“Even though I believe we should promote Chinese medicine,” Mao told him, “I personally do not believe in it. I don’t take Chinese medicine.”

Mao’s support of Chinese medicine was inspired by political necessity.  In a 1950 speech (unwittingly echoed by the Senate’s concerns about “providing health care to underserved populations”), he said:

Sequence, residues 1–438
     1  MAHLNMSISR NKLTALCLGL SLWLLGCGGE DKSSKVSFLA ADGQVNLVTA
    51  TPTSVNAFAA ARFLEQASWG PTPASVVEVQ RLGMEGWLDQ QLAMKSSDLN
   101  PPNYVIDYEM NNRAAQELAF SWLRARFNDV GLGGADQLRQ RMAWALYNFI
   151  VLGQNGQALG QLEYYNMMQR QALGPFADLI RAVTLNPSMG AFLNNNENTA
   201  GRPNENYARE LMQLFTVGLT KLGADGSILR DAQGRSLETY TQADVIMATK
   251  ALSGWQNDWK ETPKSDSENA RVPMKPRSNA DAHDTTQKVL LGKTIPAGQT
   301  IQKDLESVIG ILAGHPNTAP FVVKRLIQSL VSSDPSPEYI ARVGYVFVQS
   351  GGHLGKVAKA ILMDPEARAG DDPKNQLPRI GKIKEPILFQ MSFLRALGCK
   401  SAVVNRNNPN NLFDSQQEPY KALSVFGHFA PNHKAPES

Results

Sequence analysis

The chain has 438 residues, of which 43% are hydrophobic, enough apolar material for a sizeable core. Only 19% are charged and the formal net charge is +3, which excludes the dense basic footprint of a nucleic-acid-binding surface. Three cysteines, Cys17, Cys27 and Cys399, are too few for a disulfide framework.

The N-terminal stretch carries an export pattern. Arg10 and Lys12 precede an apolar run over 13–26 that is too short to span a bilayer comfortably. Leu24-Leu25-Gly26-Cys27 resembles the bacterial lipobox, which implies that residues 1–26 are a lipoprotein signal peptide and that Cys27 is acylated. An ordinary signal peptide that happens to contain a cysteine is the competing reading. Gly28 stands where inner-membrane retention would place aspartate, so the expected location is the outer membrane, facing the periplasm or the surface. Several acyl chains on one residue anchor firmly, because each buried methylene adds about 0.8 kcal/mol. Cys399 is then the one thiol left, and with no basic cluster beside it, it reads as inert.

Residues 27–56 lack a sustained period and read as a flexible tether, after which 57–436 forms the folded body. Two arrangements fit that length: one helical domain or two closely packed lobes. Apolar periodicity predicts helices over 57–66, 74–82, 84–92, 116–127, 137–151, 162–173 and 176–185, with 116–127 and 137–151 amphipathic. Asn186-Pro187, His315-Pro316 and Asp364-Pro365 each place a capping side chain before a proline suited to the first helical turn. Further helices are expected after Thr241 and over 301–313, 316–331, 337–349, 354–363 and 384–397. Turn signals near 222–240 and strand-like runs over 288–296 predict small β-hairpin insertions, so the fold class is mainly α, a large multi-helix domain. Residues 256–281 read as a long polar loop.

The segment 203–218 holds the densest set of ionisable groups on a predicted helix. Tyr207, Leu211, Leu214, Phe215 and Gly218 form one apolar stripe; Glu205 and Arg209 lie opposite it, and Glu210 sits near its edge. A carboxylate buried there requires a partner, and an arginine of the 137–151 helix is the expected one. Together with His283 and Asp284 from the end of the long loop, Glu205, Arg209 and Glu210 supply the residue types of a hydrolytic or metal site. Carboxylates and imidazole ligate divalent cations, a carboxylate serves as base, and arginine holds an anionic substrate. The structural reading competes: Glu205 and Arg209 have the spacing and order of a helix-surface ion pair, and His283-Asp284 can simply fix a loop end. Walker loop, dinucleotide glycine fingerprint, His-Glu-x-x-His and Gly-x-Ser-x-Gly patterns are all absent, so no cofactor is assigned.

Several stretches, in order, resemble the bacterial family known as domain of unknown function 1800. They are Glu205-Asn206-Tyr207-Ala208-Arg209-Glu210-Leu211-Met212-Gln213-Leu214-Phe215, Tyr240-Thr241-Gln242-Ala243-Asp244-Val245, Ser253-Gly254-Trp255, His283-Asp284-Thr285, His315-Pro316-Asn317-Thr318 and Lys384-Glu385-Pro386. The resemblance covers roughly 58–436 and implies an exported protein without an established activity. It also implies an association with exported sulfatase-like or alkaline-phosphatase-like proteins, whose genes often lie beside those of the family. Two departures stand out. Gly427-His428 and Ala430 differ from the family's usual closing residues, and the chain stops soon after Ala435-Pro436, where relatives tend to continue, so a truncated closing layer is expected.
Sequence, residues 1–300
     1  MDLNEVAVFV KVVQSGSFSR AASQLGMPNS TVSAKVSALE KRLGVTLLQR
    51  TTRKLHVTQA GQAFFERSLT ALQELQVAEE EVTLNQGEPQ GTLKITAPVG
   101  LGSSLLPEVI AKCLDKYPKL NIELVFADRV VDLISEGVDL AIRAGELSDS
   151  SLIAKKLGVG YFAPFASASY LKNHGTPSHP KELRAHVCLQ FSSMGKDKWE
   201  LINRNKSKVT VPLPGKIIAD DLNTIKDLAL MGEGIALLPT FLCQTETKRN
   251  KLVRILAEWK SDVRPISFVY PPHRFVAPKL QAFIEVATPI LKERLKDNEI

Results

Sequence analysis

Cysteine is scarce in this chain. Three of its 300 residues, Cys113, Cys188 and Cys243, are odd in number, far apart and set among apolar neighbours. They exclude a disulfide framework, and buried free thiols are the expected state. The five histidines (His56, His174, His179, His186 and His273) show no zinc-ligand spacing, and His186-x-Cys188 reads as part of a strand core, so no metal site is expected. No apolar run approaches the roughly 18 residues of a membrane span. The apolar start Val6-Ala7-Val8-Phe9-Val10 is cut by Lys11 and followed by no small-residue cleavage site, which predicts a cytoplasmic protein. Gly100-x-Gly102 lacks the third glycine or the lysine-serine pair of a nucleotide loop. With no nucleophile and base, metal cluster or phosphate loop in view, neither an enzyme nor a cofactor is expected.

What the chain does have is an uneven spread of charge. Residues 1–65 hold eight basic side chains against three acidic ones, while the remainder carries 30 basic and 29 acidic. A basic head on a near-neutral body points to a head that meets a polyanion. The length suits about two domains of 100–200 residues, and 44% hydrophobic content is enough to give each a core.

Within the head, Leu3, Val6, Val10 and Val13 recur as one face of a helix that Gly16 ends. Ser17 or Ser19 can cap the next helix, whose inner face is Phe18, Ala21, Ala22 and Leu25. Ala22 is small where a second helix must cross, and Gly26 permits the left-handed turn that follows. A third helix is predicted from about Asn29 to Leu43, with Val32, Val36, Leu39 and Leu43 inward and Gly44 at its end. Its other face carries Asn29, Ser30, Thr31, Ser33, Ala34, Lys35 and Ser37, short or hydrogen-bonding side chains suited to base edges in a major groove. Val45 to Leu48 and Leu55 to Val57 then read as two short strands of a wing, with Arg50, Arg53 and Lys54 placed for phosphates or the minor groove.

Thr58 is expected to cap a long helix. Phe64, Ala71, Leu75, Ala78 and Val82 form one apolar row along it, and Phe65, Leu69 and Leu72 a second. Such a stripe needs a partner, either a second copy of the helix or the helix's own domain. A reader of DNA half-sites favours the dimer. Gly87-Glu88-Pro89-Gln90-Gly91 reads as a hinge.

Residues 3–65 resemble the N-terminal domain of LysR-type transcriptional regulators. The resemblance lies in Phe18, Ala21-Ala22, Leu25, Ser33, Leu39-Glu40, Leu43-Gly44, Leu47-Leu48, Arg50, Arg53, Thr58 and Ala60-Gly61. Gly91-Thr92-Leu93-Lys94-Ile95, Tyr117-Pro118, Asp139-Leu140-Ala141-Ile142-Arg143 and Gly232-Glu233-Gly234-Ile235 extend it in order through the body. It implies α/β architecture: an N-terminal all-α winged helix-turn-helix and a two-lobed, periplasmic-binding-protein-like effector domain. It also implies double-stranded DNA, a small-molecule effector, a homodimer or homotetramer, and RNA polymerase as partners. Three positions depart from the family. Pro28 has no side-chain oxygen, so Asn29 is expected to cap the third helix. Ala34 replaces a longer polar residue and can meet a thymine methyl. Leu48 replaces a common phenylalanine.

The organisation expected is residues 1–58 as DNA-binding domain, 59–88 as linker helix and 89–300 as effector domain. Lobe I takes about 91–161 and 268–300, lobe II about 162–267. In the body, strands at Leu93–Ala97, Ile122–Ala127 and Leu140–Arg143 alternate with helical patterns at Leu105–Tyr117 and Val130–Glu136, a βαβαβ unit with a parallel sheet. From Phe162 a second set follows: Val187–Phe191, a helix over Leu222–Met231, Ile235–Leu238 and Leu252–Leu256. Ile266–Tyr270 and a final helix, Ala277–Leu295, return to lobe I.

Our nation’s health work teams are large. They have to concern themselves with over 500 million people [including the] young, old, and ill. … At present, doctors of Western medicine are few, and thus the broad masses of the people, and in particular the peasants, rely on Chinese medicine to treat illness. Therefore, we must strive for the complete unification of Chinese medicine. (Translations from Kim Taylor’s Chinese Medicine in Early Communist China, 1945-1963: A Medicine of Revolution.)